Stained Glass of St Peter Hungate Church, Norwich
Although much of the medieval glass has been removed from St Peter Hungate there remains in situ absolutely beautiful examples of this art form, from both the 15th & 16th Centuries which it is a real pleasure to see.
The church was refurbished by the Paston family in the mid fifteenth century after they had acquired the advowson from St Mary’s college. The chancel was rebuilt again in 1604, however its windows are of an older date. All the windows in the church are perpendicular in design.In the early twentieth century the church was saved from demolition. By this time much of the glass had been destroyed, however, in 1904 (just prior to a successful attempt to save the church) the remaining glass was removed into safe keeping and later was entirely releaded and refixed in the church.
For those of us who know relatively little about dating glass one can recognise two very distinct styles of glass design simply by looking at the East window.As the fifteenth century progressed, there was a change in stained glass style. In particular there was an increased emphasis on drawing and painting skills which in general were starting to take precedence over those of glazing. Faces were finely drawn and hair was stained yellow. Tracery lights remained important with more angels holding shields. Quarry windows were great favourites with small diamond-shaped panels being decorated with stained motifs – including flowers and heraldic devices. At Peter Hungate the style is typified by the exquisite angels which are found in the upper lights in a number of windows including the east window.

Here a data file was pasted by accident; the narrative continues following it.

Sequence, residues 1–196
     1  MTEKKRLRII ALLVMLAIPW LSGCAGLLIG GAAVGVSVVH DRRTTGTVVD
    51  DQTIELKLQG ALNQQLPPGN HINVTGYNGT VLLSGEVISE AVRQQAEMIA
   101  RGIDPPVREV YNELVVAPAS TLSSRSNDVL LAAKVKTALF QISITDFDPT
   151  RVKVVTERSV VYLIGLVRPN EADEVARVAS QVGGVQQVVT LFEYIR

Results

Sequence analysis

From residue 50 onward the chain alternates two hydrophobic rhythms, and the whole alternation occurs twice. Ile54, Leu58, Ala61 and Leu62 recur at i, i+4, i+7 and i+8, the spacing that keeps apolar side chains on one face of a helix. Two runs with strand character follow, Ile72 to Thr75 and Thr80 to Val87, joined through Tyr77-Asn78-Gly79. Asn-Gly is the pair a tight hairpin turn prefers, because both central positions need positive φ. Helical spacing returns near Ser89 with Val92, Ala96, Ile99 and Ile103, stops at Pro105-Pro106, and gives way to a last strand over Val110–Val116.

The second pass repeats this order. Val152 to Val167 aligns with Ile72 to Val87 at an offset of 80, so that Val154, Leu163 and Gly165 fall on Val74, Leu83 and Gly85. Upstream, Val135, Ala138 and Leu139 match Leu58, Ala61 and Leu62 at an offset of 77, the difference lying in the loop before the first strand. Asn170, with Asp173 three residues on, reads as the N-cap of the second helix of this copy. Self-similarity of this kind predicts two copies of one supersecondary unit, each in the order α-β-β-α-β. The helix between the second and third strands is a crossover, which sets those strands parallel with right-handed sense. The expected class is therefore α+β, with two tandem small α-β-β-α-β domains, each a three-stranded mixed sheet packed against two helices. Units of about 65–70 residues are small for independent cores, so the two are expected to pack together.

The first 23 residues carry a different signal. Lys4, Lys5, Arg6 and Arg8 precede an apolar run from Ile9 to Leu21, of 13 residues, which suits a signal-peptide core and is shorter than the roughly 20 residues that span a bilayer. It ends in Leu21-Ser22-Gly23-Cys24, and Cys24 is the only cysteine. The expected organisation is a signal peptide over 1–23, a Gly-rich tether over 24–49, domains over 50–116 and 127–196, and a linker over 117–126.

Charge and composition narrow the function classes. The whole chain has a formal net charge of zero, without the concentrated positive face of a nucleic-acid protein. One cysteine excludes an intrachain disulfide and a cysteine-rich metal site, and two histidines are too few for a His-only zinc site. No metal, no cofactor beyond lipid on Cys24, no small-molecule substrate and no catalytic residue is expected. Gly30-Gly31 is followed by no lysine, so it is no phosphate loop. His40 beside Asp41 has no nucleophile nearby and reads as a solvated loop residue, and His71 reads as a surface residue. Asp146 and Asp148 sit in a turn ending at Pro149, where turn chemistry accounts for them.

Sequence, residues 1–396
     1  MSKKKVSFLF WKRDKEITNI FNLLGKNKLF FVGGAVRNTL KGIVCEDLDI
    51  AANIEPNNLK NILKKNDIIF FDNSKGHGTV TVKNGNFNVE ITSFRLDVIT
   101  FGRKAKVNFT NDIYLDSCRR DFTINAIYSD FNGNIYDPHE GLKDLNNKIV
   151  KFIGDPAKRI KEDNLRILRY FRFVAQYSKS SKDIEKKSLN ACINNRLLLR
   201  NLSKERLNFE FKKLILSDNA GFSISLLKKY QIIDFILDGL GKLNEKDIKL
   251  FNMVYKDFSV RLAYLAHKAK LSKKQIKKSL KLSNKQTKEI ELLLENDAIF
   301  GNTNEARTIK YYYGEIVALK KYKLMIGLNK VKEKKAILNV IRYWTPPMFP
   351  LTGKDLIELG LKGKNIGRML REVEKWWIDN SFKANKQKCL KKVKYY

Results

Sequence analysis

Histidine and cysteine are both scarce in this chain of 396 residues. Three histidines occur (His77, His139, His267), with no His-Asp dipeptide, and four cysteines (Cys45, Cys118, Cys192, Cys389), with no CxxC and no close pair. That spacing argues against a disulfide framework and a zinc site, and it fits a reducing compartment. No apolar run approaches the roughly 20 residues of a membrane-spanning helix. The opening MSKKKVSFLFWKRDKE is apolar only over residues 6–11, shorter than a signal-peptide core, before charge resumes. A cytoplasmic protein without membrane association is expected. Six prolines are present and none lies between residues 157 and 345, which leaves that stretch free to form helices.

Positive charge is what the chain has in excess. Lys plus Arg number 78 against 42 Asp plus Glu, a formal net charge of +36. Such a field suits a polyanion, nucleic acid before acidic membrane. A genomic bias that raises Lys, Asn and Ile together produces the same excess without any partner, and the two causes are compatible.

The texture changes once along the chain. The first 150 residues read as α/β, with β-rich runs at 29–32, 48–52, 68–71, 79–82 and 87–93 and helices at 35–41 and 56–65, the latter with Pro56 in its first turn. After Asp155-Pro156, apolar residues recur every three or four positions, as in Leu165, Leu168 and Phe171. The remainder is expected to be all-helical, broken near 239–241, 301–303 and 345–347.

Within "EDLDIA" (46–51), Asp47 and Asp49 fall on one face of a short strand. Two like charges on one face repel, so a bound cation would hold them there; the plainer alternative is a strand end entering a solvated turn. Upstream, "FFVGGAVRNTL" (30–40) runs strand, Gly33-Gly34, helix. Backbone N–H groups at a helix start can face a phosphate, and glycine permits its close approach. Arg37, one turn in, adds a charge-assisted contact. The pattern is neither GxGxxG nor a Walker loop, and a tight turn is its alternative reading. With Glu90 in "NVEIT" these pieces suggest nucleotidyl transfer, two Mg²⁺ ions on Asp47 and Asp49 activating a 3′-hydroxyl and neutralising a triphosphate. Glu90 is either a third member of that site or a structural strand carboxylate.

By the end of the fifteenth century simplicity, clarity of design and a limited colour palette were being lost from stained glass production. In the sixteenth century they largely disappeared, hastened on their way by the Renaissance. One of the major developments which can be seen in St Peter Hungate was that figures became more solid looking – this is clearly exemplified by the figures of the four evangelists in the East window and indeed the tonsured priest.
For further information and to view the details of each window click the boxes below. To learn more about the church visit : www.norwichchurches.co.uk